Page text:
Lightning strokes may involve electrical currents up to 100,000 amps and temperatures over 54,000°F. Lightning kills 100 or more people per year, almost more than any other weather event. Why don't we hear more about it? Simply because it usually kills people one at a time. Lightning is one of the most dangerous features of a thunderstorm.
1. So what do you do? If caught in a level field or prairie far from shelter and if you feel your hair stand on end, lightning may be about to strike you. Drop to your knees and bend forward, putting your hands on the ground. DO NOT lie flat on the ground
2. The largest single location of lightning fatalities is in the vicinity of relatively isolated trees (or in Arizona, also cacti) such as on a golf course. Because the electrical charges tend to concentrate in upward projecting objects, standing underneath an isolated tree or telephone pole is NOT safe.
3. Avoid projecting above the surrounding landscape. For example, don't stand on a hilltop.
4. In a forest, seek shelter in a low area under a thick growth of small trees.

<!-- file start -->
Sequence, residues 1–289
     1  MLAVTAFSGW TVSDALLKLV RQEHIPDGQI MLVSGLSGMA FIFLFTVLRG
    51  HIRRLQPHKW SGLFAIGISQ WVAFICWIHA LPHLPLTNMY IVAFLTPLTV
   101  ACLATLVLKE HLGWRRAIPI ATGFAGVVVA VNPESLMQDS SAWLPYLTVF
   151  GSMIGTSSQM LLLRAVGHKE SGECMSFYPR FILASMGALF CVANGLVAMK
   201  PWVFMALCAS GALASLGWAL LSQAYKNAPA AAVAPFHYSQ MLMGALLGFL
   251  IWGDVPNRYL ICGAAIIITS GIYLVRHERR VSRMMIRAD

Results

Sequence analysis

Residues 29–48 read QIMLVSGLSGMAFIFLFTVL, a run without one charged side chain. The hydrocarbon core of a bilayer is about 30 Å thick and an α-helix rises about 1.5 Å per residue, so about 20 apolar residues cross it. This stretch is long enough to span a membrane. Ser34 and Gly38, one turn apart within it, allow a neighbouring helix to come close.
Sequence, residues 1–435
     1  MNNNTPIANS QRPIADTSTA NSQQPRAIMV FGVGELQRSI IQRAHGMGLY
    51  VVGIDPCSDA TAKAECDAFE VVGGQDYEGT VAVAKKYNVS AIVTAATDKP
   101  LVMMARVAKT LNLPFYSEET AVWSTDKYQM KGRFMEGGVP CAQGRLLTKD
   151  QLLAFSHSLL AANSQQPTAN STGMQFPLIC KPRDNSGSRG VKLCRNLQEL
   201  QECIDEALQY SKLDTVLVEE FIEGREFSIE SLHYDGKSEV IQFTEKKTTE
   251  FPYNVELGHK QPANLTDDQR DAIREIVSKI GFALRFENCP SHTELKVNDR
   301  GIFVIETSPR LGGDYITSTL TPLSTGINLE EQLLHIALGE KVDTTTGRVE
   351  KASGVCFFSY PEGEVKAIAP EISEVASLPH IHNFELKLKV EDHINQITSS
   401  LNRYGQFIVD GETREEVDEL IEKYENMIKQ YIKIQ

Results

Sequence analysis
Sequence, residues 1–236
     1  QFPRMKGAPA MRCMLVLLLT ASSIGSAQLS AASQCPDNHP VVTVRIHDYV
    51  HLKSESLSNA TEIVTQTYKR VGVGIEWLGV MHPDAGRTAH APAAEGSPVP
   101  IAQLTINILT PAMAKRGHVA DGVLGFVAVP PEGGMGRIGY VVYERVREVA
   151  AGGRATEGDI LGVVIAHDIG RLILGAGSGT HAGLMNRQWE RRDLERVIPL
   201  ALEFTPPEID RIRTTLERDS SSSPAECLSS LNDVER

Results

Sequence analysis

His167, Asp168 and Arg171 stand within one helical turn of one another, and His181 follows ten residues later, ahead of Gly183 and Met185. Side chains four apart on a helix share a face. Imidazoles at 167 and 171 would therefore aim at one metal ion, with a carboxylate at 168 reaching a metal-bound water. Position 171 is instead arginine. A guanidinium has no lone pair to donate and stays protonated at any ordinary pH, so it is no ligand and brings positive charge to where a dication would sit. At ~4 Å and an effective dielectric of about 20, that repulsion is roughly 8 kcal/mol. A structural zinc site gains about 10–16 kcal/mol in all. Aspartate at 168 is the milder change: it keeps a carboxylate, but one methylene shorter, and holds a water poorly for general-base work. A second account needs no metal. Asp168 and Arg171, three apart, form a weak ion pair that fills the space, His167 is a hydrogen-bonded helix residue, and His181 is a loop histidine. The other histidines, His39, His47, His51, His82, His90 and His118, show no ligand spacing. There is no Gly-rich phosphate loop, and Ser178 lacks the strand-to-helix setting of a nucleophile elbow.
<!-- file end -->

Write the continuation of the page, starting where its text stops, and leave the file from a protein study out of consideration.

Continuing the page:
5. In open areas, go to a low place, such as a ravine, arroyo or valley. However, remember that the conditions which produce lightning may also produce a flash flood, in which case, a ravine, valley or arroyo is not the place to be.
6. Get off or away from open water -- such as canals -- tractors or other metal farm equipment or small metal vehicles, such as motorcycles, bicycles or golf cars.
7. When lightning is occurring, get inside a house, a large building, or an all-metal (not convertible) automobile. Do not use the telephone except for emergencies.
8. Put down metal equipment (particularly golf clubs, etc.).
9. Stay away from wire fences, clotheslines, metal pipes and rails.
10. If you are in a group in the open, spread out, keeping people several yards apart.
Remember - lightning may strike some miles from the parent cloud. Precautions should be taken even if the thunderstorm is some distance away. In fact, the positive bolts are typically from an anvil and can be ferocious!
First aid for lightning
Persons struck by lightning receive a severe electrical shock and may be burned, but they carry no electrical charge and can be handled safely. Someone who appears to have been killed by lightning often can be revived by prompt action.
The American Red Cross says that if a victim is not breathing, you should immediately begin mouth-to-mouth resuscitation, once every 5 seconds to adults and once every 3 seconds to infants and small children, until medical help arrives.
If both pulse and breathing are absent, CPR (cardiopulmonary resuscitation) is necessary. CPR should only be administrated by properly trained individuals.